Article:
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Local woman publishes pioneer fiction

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Posted: Thursday, September 29, 2011 2:34 pm

BURLEY – The winter of 1856 was an intensely bitter one, and wind nipped cruelly at the pioneers of the Willie Handcart companies as they trudged their way across the frozen plains.

The experiences and hardships faced by the pioneers of those companies is something difficult to put in to words, and even more difficult to understand, but Lisa Dayley, of Burley, Idaho, has somehow done just that.

Dayley, who has always been fascinated with family history, took the stories of her great-great grandmother, Emma Girdlestone, and brought them to life in her historical fiction novel, The Frozen Trail.

 “Imagine how you would have felt stuck in a blizzard at 50 below,” Dayley said, “no food or clothes. For every one step forward, the wind pushed you three steps back ... You couldn’t see, and you had no protection from the wind, other than tents, which you were lucky to get up …”

Conditions were terrible for the pioneers, and many of the individuals who set out on the trek perished before the group reached the Salt Lake Valley, including the parents of Girdlestone.

“When [the pioneers] got to Rocky Ridge, that night there were 11 people that died in their sleep,” Dayley said. Thomas, [Girdlestone’s father], helped bury them. The next morning they found Thomas dead. He literally dug his own grave, and gave the last of his energy to bury those poor people,”  said Dayley.

According to Dayley, the majority of her book is about the experiences of the pioneers at Rocky Ridge, and how they were stranded, trusting that God would provide them with the help that they needed.

Though the book is based on true events, Dayley said the majority of the storyline is fictional. Personal experiences in Dayley’s life allowed her to relate to her characters, providing for a more realistic story.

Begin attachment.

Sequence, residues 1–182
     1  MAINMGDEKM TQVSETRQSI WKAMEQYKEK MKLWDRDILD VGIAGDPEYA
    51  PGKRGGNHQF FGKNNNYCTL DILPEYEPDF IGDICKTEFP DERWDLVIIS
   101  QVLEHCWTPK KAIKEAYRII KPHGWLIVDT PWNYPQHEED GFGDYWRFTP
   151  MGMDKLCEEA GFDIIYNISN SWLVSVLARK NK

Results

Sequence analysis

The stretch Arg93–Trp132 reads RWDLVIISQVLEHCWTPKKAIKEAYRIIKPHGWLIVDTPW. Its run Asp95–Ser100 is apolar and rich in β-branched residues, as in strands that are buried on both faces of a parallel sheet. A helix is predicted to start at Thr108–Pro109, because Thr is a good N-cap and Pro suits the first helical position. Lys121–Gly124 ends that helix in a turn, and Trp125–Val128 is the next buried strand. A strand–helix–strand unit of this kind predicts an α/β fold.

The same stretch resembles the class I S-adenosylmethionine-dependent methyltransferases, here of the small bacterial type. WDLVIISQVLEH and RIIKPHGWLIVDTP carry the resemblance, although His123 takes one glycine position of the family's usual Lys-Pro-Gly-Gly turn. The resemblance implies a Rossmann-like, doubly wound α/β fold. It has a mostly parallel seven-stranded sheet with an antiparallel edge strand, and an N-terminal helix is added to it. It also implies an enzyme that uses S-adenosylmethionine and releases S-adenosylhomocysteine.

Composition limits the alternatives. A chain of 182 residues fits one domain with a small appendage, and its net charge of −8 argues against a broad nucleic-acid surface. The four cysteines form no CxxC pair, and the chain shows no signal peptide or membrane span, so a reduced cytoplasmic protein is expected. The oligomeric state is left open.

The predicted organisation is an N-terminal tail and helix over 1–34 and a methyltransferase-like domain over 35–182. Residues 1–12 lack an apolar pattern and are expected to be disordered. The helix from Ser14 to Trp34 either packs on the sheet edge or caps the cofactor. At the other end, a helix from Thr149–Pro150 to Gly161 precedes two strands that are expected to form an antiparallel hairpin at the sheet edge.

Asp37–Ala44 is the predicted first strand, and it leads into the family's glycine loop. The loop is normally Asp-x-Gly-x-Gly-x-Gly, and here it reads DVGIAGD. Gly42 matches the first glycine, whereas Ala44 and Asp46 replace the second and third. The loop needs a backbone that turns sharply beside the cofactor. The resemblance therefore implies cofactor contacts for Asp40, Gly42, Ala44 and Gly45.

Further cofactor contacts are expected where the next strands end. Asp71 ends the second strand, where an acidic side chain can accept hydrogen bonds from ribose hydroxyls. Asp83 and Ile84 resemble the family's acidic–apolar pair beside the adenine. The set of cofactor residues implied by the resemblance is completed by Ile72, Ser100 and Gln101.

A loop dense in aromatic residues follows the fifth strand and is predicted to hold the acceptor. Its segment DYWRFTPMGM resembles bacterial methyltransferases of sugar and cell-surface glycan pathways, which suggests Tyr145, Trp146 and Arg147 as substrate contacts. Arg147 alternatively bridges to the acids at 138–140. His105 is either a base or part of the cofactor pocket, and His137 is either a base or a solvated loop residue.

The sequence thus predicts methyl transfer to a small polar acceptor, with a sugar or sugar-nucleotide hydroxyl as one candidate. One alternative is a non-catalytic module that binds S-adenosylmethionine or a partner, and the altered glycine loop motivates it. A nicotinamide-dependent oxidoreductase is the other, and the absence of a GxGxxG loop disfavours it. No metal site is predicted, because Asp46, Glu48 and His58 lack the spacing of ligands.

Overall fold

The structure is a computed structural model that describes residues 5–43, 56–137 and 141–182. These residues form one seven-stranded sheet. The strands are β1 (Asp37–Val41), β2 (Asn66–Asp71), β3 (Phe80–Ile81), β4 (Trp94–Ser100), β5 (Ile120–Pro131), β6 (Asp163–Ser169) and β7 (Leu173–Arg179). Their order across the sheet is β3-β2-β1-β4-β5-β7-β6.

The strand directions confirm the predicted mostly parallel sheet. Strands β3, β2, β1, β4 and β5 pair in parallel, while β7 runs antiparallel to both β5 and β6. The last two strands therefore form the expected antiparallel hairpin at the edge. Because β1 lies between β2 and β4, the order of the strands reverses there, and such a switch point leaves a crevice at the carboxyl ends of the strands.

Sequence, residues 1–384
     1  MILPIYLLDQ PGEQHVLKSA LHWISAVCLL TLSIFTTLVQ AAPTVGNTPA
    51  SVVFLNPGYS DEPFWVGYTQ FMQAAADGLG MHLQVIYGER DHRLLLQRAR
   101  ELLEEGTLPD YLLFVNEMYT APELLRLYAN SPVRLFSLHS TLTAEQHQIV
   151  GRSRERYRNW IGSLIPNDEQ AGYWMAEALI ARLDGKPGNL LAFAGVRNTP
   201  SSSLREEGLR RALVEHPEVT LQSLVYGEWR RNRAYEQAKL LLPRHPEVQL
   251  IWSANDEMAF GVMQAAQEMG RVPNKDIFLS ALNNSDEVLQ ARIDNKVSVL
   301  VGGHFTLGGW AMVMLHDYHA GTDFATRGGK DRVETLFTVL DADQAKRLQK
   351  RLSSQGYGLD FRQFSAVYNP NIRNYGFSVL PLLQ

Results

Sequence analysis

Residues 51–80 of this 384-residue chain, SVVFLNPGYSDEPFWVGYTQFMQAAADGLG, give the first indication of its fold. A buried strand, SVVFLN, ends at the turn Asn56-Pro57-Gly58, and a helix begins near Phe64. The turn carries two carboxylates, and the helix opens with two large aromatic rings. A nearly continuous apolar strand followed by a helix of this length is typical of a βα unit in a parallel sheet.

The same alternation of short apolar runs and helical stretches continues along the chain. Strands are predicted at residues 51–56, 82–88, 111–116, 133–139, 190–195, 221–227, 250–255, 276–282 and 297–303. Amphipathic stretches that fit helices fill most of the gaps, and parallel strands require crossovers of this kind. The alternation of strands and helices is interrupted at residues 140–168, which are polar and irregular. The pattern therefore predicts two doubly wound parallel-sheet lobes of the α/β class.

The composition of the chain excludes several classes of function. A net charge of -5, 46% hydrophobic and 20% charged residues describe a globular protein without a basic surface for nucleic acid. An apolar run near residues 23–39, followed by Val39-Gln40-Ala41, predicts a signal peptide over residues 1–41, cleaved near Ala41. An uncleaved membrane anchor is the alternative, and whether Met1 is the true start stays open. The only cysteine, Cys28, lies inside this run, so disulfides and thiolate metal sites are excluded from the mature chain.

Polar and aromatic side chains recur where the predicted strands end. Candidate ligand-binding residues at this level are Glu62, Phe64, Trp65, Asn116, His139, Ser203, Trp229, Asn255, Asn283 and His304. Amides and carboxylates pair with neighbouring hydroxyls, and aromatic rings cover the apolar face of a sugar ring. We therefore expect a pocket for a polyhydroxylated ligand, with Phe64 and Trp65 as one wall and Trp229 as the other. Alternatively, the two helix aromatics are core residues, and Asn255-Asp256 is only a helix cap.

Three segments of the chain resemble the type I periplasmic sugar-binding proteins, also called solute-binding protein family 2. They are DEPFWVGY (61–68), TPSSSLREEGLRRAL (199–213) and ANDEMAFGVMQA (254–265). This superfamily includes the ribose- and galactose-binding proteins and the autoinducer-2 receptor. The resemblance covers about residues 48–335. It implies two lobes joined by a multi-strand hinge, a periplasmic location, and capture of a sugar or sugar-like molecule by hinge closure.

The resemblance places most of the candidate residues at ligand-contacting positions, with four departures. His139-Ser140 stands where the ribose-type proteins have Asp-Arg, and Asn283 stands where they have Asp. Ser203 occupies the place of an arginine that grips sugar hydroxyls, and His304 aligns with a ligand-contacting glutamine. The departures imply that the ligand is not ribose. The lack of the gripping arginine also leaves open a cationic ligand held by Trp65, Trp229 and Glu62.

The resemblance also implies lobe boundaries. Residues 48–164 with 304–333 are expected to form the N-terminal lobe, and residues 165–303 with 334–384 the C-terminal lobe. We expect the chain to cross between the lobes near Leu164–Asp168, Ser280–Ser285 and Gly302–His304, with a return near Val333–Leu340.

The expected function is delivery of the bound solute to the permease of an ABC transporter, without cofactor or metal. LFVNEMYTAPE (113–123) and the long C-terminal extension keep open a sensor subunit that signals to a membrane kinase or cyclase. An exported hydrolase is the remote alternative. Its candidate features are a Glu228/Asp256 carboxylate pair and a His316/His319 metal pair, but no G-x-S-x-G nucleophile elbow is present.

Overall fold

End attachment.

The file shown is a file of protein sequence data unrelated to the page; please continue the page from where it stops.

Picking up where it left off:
“I think the reason I could relate to all the dying and suffering is [my daughter] came down with appendicitis and nearly died,” Dayley said.  “I was so upset, and it really flowed over into the writing. I could feel every ounce of fear and pain those people went through. I wasn’t out on the frozen plains, but I learned, like them, that there’s nothing you can do but pray.”

Thankfully, Dayley’s young daughter made a full recovery, but the event provided a very powerful parallel to her characters.

Dayley has been writing for many years across the pacific Midwest, and her impressive resume includes work for a magazine out of Hong Kong while she was living in Japan, and nearly a decade of work as a reporter for the South Idaho Press and Minidoka County News, before they were eliminated by their parent company. She currently works as a reporter for the Weekly News Journal.

Dayley received a degree in technical communications and creative writing from the Metropolitan State College of Denver in Colorado, and is married to Darrell Dayley, of Burley. They have three children.

She said her book, The Frozen Trail, is a cumulative work of nearly 20 years, and it began just as an assignment for a creative writing class.

“I started it for a college creative writing assignment,” Dayley said. “This was in Denver. The most liberal place on the planet, and I thought, ‘Oh no, they’re going to chase this little Mormon girl right out of their class.’ But they were so nice to me and so receptive. They liked it so much I just kept kind of working on it. Off and on through the years I kept working on it, the last eight years intensely, and I finally finished it.”

She said inspiration for the project also came from reading the book Saints by Orson Scott Card, which made her more interested in her own family history, as well as in the stories of the pioneers.

Dayley said she has been chasing her family tree for 20 years, researching the stories of Emma and her family, as well as other ancestors, and it has been incredible for her to uncover information and various artifacts from Emma’s life.

Dayley first self-published her book, before attending a publishing convention at Brigham Young University in Provo.  At the convention, she came into contact with Wido Publishing, a newer company out of Salt Lake, that decided to give her story a try.

After an intense editing process that left her originally 44 chapter book at 14 chapters, Dayley found success.

“Finally, it just seemed like it all came together – all gelled,” Dayley said. “They finally liked what I wrote. Never have I had such an intense creative writing class in all my life. At some points I had no idea what I was doing. I just wrote what came to me.”

Dayley said she owes most of the credit to divine intervention, and she knows that something greater was guiding her through the whole process.

She will be having a book signing and drawing at 7 pm Thursday, September 29th, at the Burley Public Library, and all are welcome to come enjoy cake, ice cream, and good company. If you are unable to make it to the signing but are still interested in purchasing a book, The Frozen Trail is available for purchase at, under books, Lisa Dayley, The Frozen Trail. Paperback copies are $9.95, and only $2.99 for a digital version for Kindle.

Dayley is available for questions and additional information by phone at 208-219-0602, or by  e-mail

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